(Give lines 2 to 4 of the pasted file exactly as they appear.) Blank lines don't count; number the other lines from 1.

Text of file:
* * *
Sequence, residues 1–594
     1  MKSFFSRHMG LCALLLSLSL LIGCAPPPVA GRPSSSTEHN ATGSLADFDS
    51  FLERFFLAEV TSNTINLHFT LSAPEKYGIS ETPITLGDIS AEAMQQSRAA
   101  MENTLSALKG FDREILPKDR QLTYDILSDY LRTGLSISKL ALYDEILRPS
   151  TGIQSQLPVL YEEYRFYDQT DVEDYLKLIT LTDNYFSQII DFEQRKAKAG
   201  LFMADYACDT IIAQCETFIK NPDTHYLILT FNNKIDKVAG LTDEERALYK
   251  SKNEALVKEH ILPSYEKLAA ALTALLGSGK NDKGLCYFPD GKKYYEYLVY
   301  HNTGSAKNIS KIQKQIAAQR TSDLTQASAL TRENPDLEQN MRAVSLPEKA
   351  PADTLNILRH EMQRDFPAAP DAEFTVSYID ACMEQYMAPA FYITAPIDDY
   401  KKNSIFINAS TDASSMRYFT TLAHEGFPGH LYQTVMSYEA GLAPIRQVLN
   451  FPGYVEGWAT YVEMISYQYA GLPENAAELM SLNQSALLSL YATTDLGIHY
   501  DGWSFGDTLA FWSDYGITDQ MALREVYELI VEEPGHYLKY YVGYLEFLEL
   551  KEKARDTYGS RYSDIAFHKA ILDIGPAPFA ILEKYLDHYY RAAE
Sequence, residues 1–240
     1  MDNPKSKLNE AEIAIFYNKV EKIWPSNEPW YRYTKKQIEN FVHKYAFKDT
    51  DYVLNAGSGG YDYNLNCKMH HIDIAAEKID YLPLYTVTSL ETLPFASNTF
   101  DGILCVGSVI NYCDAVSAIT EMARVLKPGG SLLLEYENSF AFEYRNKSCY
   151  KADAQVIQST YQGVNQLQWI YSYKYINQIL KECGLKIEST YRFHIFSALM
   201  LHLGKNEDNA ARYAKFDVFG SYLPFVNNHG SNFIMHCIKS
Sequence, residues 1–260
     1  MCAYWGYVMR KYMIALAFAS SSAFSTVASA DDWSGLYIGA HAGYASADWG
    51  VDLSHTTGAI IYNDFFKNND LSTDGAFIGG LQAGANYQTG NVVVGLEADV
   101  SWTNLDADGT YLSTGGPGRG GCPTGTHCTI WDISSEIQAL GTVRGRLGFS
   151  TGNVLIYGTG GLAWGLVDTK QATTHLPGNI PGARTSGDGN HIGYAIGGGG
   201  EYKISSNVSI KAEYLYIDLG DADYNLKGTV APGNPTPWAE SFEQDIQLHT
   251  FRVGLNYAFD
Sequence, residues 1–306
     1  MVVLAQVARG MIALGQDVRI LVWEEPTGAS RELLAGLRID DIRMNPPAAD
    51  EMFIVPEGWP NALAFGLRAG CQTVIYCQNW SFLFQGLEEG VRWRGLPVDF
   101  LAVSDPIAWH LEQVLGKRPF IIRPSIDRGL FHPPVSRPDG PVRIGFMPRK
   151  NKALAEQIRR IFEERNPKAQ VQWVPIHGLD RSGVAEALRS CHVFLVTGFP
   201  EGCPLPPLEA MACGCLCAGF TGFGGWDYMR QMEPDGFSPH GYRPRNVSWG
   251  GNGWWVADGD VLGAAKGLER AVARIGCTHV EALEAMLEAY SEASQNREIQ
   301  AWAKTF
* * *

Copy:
     1  MKSFFSRHMG LCALLLSLSL LIGCAPPPVA GRPSSSTEHN ATGSLADFDS
    51  FLERFFLAEV TSNTINLHFT LSAPEKYGIS ETPITLGDIS AEAMQQSRAA
   101  MENTLSALKG FDREILPKDR QLTYDILSDY LRTGLSISKL ALYDEILRPS